3. If it is violative of the provisions of 'The Emblem and Names (Prevention of Improper Use) Act 950, as given in the schedule to this Act. This schedule specifies, inter alia, the name, emblem or official seal of the UNO and its bodies like WHO, UNESCO etc. Government of India, State Governments, President of India or Governer of any State, the Indian National Flag. The Act also prohibits use of any name which may suggest patronage of Government of India, or any state government or any local authority.

Hence normally three names are given in the order we prefer from which the registrar approves the appropriate one. (Performa application for availability of names (Form 1A) is given at the end of the chapter.)
  1. Fixing up Signatories to the Memorandum of Association: Memorandum of Association of the proposed company is signed by the people who have been decided by the promoters. The first Directors of the Company are the people who first sign the memorandum. And its necessary to get their written consent to act as Directors and to take up the qualification shares in the company
  2. Appointment of Professionals: Some professionals such as mercantile bankers, auditors etc., are appointed to help the promoters in the preparation of necessary documents as required by the Registrar of Companies. The name, address and the number of shares allotted to each share holder is submitted to the Registrar in a statement called return of allotment.
  3. Preparation of Necessary Documents: According to the law the promoters have to prepare certain legal documents and submit to the Registrar of the companies for getting the company registered like the Memorandum of Association, Articles of Association and Consent of Directors.

Documents Required to be Submitted

  1. Memorandum of Association: Memorandum of Association contains all the important objectives of the company. The company cannot undertake any activities which are not stated in the Memorandum of Association. The clauses present in the Memorandum of Association are given:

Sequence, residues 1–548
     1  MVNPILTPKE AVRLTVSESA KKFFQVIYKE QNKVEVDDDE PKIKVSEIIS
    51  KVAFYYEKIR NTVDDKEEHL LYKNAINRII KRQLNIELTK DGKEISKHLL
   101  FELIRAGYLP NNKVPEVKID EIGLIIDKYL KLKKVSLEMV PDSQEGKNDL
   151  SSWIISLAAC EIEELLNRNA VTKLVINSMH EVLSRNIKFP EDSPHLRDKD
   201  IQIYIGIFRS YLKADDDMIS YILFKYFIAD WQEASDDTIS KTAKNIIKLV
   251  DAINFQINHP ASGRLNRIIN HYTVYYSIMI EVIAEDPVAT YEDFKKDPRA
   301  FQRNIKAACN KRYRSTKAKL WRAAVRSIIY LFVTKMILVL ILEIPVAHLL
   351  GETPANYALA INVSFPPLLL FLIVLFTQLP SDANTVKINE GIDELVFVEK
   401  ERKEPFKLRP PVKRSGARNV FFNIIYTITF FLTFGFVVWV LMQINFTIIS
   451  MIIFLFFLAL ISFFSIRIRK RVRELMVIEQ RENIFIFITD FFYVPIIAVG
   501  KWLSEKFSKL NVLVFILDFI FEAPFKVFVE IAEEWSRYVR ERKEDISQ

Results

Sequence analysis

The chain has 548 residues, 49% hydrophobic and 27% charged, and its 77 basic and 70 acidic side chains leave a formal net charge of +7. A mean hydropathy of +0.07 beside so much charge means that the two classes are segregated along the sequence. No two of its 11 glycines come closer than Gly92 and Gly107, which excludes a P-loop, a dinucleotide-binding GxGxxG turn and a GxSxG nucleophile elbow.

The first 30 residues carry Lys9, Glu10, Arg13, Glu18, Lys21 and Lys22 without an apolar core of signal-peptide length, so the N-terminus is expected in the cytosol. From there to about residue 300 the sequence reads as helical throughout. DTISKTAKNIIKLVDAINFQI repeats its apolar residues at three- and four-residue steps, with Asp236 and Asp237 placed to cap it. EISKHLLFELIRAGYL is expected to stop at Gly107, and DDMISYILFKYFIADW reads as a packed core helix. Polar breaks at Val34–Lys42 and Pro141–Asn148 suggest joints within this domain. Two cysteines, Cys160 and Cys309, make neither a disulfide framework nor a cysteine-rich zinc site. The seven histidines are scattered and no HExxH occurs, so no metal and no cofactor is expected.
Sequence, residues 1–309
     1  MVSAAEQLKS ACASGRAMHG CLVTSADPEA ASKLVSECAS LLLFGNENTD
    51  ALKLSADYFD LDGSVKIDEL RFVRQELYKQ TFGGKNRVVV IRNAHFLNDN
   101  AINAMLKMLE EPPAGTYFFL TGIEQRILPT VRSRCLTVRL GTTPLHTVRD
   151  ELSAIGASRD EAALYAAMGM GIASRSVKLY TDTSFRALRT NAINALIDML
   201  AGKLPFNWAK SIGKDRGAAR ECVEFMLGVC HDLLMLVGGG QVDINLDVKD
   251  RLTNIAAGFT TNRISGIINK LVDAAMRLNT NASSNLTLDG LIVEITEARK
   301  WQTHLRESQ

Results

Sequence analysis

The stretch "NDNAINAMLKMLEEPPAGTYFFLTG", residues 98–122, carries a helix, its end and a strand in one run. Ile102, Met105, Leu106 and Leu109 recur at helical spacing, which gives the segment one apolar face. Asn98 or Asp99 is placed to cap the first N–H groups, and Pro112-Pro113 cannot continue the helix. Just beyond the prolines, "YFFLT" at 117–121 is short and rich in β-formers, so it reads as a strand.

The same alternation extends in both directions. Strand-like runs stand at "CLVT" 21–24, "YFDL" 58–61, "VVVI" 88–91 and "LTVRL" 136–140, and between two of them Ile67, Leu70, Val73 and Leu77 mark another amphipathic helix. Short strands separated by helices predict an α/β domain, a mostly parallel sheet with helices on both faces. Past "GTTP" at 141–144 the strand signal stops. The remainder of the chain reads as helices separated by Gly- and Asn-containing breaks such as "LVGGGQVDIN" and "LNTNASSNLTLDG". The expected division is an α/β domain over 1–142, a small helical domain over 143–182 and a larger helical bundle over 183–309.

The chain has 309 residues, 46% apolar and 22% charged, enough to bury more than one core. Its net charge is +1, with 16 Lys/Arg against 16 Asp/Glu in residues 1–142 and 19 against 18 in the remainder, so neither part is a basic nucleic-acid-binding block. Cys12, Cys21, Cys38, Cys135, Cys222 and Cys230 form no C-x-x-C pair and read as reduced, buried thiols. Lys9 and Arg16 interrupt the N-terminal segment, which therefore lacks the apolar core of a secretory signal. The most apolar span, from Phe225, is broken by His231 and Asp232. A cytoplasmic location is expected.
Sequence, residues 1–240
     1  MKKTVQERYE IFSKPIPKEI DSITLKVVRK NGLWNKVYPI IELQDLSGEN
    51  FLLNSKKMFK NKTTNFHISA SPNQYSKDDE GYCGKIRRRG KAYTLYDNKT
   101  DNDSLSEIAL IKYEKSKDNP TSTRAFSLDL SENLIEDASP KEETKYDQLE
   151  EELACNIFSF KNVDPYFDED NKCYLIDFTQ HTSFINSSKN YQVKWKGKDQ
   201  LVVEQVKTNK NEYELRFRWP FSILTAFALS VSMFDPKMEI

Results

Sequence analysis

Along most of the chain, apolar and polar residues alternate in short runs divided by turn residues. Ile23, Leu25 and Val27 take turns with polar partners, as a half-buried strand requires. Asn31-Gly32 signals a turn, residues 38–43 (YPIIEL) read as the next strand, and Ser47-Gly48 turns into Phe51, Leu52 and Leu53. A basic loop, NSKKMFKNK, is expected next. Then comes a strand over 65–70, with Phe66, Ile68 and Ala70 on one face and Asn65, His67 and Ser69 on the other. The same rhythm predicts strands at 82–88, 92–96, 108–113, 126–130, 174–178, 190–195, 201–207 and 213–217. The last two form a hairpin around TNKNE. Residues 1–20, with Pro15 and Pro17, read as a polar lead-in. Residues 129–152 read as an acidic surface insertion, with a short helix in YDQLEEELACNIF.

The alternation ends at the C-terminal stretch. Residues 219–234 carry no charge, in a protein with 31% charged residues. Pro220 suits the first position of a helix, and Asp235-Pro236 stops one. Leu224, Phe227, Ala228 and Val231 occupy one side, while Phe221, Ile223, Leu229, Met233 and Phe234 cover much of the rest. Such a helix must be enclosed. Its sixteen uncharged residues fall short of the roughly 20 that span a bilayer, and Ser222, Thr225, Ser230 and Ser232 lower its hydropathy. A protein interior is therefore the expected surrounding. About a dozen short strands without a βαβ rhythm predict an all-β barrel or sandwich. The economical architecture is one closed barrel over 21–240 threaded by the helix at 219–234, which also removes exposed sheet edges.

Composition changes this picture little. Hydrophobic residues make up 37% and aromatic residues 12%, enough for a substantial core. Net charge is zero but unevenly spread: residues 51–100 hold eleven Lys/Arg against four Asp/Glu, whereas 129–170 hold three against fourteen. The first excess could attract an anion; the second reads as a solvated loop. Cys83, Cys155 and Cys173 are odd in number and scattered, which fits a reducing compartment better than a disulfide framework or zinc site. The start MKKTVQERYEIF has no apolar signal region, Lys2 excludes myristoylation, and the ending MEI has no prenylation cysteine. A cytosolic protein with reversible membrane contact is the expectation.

1. The Name Clause: This clause contains the name of the company which Registrar of Companies has already approved.
    2. Registered Office Clause: It contains the name of the state where the company has got permission to setup by the registrar office. The exact address of the registered office is not necessary to be notified at this stage but the same must be notified with in 30 days after the company has been incorporated to the registrar.
    3. Objects Clause: This is the most important clause as it defines the purpose for which the company has been formed. A company is not legally allowed to do a job beyond the clauses mentioned in this memorandum. This id divided into two subclauses:
      • The Main Objects: The main objectives of the company are stated in this. It must be noted that an activity which is either essential or incidental for the achievement of the main objects of the company is deemed to be valid, although it may not have been stated explicitly in the sub-clause.
      • Other Objects: This subclause contains all the other clauses which are not been stated in the main clause. However, if a company desires to undertake a business included in this subclause, it has to either pass a special resolution or pass an ordinary resolution and get approval from the central government fordoing the same.
    4. Liability Clause: The liability clause limits the liability of the share owners to the amount unpaid by them. For example, if a shareholder purchases 10000 shares of Rs.100 each and has already paid Rs. 60 per share, his/her liability gets limited to Rs. 40 per share.
    5. Capital Clause: The maximum capital which the company is permitted to raise through the issue of shares is specified in this clause. The permitted share capital of the suggested company along with its division into the number of shares having a fixed face value is mentioned in this clause. For example, the permitted share capital of the company may be Rs. 250 with divided into 25 lakh shares of Rs.100 each. But the said company should not issue share capital in excess of the value specified in this clause.